On a night when they faced a Cy Young hopeful, it was the Cubs’ starting pitcher who looked like an award-winner. Of course, until Clayton Kershaw finally breaks down, any talk of awards pretty much starts and ends with his name. But Jake Arrieta was absolutely filthy on Tuesday night, throwing 9 innings of 1-hit, 1-walk baseball to beat Johnny Cueto, who had his worst outing of the season.
And while this was easily Arrieta’s best effort of the year, it wasn’t really that surprising. He seems to have the Reds’ number, as this was the 2nd time he’s no-hit them through at least 6. In that game, Billy Hamilton broke up the no-no. This time, the speedy CF represented the Redlegs’ only base runner through 7.1 innings after walking in the 1st. He then stole second but was called out upon review, which brings up an interesting stat.
Billy Hamilton was something of a legend, setting steals records in the minors (103 in A-ball in 2011 and 155 in A+ and AA in 2012) and inspiring folk legends along the way. Tagging up on infield pop-ups, getting two bases on a sac fly, that sort of stuff. But he results with the Reds have been anything but legendary. Among all major leaguers with at least 40 stolen base attempts, Hamilton’s success rate is…well, it’s not good.
Billy Hamilton’s stolen base success rate among players who have attempted at least 40 times is DEAD LAST: pic.twitter.com/1wfkuGkIHj
— High Heat Stats MLB (@HighHeatStats) September 13, 2014
Alas, Hamilton was not the man to record his team’s first hit on Tuesday night. No, that honor was left to Brandon Phillips, who roped a double past a diving Matt Szczur in deep left-center. And it would’ve been a nice hit too, had the .258/.301/.362 hitter not stood and admired it a bit.
Don’t get me wrong, I’m all in favor of a little gamesmanship. But it’s one thing to pose after a game-winner or an epic homer and quite another to try to show up a guy who’s made you and your lineup look foolish all evening. That’s just being a punk. I’m sure @datdudeBP feels pretty awesome about that hit though.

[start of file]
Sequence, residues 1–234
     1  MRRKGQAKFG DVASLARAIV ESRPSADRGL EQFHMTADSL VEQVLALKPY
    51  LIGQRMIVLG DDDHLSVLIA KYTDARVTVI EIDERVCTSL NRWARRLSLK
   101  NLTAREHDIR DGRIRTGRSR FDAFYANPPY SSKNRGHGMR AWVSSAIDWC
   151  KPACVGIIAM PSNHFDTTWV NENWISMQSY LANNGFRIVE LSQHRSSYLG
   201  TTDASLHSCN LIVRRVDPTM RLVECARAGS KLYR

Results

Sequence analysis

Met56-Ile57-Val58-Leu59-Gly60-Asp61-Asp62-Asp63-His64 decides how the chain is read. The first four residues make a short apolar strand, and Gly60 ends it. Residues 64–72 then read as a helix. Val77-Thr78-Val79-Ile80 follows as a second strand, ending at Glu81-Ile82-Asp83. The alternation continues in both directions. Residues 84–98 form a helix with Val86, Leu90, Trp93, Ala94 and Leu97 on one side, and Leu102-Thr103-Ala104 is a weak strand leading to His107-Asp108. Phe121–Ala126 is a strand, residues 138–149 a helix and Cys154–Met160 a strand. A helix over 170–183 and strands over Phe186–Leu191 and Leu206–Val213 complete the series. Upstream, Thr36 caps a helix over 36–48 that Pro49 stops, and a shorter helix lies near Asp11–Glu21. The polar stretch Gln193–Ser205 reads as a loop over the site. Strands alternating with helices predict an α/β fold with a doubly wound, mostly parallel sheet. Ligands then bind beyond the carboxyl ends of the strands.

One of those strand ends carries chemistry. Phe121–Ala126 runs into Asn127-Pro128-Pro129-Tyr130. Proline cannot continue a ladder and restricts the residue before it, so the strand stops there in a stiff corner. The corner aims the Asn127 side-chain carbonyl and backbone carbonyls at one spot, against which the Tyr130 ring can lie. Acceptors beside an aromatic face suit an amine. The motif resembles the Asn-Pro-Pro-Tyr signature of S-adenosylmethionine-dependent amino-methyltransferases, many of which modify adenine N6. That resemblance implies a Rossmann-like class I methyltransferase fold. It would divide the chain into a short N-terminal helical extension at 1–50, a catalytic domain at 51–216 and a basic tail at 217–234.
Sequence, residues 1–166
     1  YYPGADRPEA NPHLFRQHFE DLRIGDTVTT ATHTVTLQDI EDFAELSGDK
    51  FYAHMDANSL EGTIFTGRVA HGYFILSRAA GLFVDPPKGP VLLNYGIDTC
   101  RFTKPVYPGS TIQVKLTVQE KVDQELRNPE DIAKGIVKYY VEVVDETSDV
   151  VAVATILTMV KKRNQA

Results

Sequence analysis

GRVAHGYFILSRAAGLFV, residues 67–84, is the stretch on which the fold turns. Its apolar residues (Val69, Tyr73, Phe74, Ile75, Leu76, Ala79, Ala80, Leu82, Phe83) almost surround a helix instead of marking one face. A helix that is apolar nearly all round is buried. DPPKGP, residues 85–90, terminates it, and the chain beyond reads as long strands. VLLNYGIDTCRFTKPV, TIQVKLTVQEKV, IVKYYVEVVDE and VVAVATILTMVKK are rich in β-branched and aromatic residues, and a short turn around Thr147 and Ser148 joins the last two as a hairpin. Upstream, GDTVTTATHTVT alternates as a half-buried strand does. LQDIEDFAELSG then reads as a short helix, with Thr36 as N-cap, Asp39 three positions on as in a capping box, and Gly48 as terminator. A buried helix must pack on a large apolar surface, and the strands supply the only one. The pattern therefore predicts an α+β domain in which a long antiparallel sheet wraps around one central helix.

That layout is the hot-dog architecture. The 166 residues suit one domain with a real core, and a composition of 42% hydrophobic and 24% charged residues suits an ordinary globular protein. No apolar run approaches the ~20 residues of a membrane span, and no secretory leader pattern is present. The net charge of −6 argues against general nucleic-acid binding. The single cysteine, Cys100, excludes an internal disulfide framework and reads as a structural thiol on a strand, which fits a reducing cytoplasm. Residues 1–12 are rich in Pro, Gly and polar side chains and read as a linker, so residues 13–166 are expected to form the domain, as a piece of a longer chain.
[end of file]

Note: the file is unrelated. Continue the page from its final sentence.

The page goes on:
And you probably don’t care, but this performance also lowered Arrieta’s home ERA and WHIP to 1.89 and 0.91, respectively. Oddly enough, while his road ERA (3.64) is nearly twice that of his home mark, Arrieta’s FIP is actually better away from home (2.34 vs. 2.50). While this indicates that he might be getting just a little lucky at Wrigley, it also shows that he’s getting some tough breaks elsewhere. Either way, these are excellent numbers.
Anyhow, back to the game and a man who didn’t need to waste time preening and posing. Jorge Soler, who had already doubled in the 6th to give him hits in 13 of 14 big league games, padded the Cubs 6-run lead with a blast in the 7th. It was his 5th of the season but first at Wrigley, capping a 2-hit, 2-RBI night and raising his average to .373.
In the afterglow of the big hit, Cubs color man Jim Deshaies described the big Cuban import as being “long and strong.” And while Arrieta’s performance and the general beatdown of a division rival were amazing enough in and of themselves, the night would have been utterly legendary had JD completed his superlative with “and he’s down to get the friction on.”
I’m sure Seattle’s most successful rap artist (sorry, Macklemore) would have approved of the reference too, since baby got back…back…gone! Butt I digress.
After the recent 7-game skid, a game like this is nice on several levels. It helped to restore a little faith in the franchise and solidified Jake Arrieta’s status as an ace in the making, while also lending credence to the front office’s methods. And it certainly helped that this performance came on a non-football night, which surely meant more viewers.
Arrieta just missed out on becoming the first Cubs pitcher to toss a no-hitter at Wrigley since Milt Pappas accomplished that feat in 1972, and the first since Carlos Zambrano in 2008 to throw one anywhere. But if he can keep pitching like he has this season, Jake’s going to have plenty more chances to supplant both men on those lists.